I took a couple pictures of the Milky Way tonight, as is my wont, and decided to present you with how it looked coming fresh out of my camera, and how it looks once I’ve cleaned it up. Enjoy!
I made a timelapse video of the clouds while we were at the farm last weekend. It’s about an hour, with photos snapped every 10 seconds.
And since it turned out so well, I did another one yesterday, out my upstairs window. Longer this time—there are about 4½ hours of clouds in this one.
As beautiful, haunting, funny, and brutal as the original novel. The art is amazing, and complements the story perfectly.My review on Goodreads
I first encountered Kurt Vonnegut, Jr., when my roommate in first-year university was reading Galápagos in an English course. I read the novel and decided it was garbage¹. It just kind of… ended. I didn’t see the point. Vonnegut, I decided, was overrated.
Years later, I decided to give Vonnegut another try, and I read what is, in my mind, his most famous novel: Slaughterhouse-Five. Maybe it’s because I was older, maybe it’s because it was a straight-up antiwar SF novel, maybe it was because I knew better what to expect, but I loved it. I went on to read several other Vonnegut novels (Cat’s Cradle, Breakfast of Champions, Timequake), and I’ve loved each one. Vonnegut’s novels are different, I think, because they don’t generally have a villain. They’re just… the way things are.
So it goes.
And then I heard that Ryan North, of Dinosaur Comics, was involved in a graphic novel retelling of Slaughterhouse-Five, and I knew I had to have it. So I pre-ordered it from McNally Robinson, and it arrived last week.
It’s great. The two-page spreads of Dresden are, respectively, beautiful and horrifying. The story flows like a Vonnegut novel, and the art complements the story so, so well.
Highly recommended for fans of Vonnegut’s novels, graphic novels, or anti-war stories.
¹ When Kurt died and went to Heaven², I re-read Galápagos, and this time I thought it was great.
² At a memorial service for Isaac Asimov, an atheist, Vonnegut—also an atheist—said, “Isaac’s up in Heaven now,” because it was the funniest thing he could think of to say. So it goes. So it goes.
Space Weather predicted Arctic auroras (originally the storm was predicted to be stronger, but got downgraded). Sometimes that turns out, so since it was clear last night, I headed out of town for about an hour.
When I initially set up, there was nothing really happening, aurora-wise, but I decided to shoot for a while anyways. If nothing else, I’d have a half-hour star trails image. The moon was full, so I’d have a nice bright foreground, too.Continue reading “Autumn Aurora”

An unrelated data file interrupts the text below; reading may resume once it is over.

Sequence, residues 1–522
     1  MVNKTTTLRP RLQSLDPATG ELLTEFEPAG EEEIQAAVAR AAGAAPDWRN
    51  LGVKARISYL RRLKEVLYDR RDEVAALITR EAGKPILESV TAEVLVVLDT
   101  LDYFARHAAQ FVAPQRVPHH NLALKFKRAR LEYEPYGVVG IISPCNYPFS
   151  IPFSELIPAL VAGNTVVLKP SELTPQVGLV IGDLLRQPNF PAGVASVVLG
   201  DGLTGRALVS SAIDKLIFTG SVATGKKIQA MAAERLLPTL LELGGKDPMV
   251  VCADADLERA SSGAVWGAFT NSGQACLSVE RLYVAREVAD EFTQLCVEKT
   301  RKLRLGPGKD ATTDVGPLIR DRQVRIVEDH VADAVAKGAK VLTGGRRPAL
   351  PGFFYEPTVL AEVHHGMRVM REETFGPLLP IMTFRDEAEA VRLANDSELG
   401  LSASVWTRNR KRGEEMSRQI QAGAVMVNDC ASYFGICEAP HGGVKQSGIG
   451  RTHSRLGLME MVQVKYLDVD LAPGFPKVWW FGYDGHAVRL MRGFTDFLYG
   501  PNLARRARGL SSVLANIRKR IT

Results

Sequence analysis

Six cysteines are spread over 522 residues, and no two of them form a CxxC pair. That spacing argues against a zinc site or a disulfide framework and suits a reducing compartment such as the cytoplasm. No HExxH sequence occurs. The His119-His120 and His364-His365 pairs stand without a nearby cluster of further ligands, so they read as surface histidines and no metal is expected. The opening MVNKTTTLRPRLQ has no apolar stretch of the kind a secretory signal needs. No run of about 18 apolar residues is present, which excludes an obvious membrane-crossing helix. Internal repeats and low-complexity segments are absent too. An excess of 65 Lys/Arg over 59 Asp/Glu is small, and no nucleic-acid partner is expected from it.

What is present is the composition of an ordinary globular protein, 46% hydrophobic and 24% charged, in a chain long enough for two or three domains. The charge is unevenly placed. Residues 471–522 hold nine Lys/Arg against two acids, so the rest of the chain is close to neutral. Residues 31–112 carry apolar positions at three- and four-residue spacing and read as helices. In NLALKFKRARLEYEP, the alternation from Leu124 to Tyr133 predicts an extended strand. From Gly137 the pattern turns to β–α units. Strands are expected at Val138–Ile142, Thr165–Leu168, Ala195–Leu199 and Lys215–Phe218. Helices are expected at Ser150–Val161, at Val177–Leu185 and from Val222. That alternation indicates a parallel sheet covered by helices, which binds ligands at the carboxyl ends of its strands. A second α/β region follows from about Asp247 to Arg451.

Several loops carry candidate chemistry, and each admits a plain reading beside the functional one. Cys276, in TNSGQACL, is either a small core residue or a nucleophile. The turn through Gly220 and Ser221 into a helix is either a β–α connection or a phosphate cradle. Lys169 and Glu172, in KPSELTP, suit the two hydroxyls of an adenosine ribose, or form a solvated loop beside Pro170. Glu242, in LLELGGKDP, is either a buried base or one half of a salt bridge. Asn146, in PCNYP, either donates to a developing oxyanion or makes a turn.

I made a short video. Enjoy! (Nerds: There are a bunch of details below.)Continue reading “Star Trails 2020 (so far)”
Those who know me know that I much prefer spring and summer to fall. I love the new growth of spring, and I would much rather wear shorts and T‑shirts than long johns and parkas. Autumn’s beginning brings with it the threat of inevitable winter, and it makes me somewhat melancholy.
But I will grudgingly admit that early autumn, before the cold sets in to stay, has its own charms.Continue reading “All right, autumn can be pretty”
Series: Bike Ride PhotosThe entire series: Down by the river; Bike ride birds; The ex-garden and the weir; Snapshots of a ride; Across Town; Blackbird; North Hill campus; Lilacs and country roads; A pop of colour; Back lane flowers; More Brenizers; The river is high; A bird and a reflection; Rideau Park; Writing Retreat 2020, Day 7; Writing Retreat 2020: The Numbers; Storm damage, sunflowers; Eleanor Kidd gardens; Scenes from today’s ride; All right, autumn can be pretty.
I went out to Image Hill again, but this time I had a posse. My brother-in-law Cy and all three nieces at the farm decided to come with me. It was another dark, clear night, with a breeze verging on a wind.
I did about a 45-minute star trail shot (above) while they all lay on the ground and gazed at the stars. I also got a shot of the girls checking out the Milky Way.
And one of just the Milky Way, for balance.
And a single frame from the star trail composite, with the trail from a meteor in the lower left, and the Big Dipper next to the tree.
Last night Kathleen suggested I check out Image Hill for some astrophotography. Since it was only five minutes’ drive from the farm, I checked it out.
I got about 25 minutes’ worth of star trails (I set my timer for 30 minutes but my camera battery had other ideas).Continue reading “Image Hill; fog”
We got to the farm last night in the dark, and the skies were clear and starry. So, after visiting for a bit, I took my camera and tripod out in the lane.
We got a call on Thursday evening, late; later than Kathleen’s mom Mary usually calls.
My father-in-law, Ron, died suddenly on Thursday. He’d gone out to clear some broken branches out of the brush, and he didn’t come back in. Mary found him by the tractor.
We spent the weekend out at the farm. On Sunday, I went out in the yard and on the road, and took a few photos, as is my way.
As Kathleen said—and I agree 100%—at least he died doing what he loved: being mad at a tree.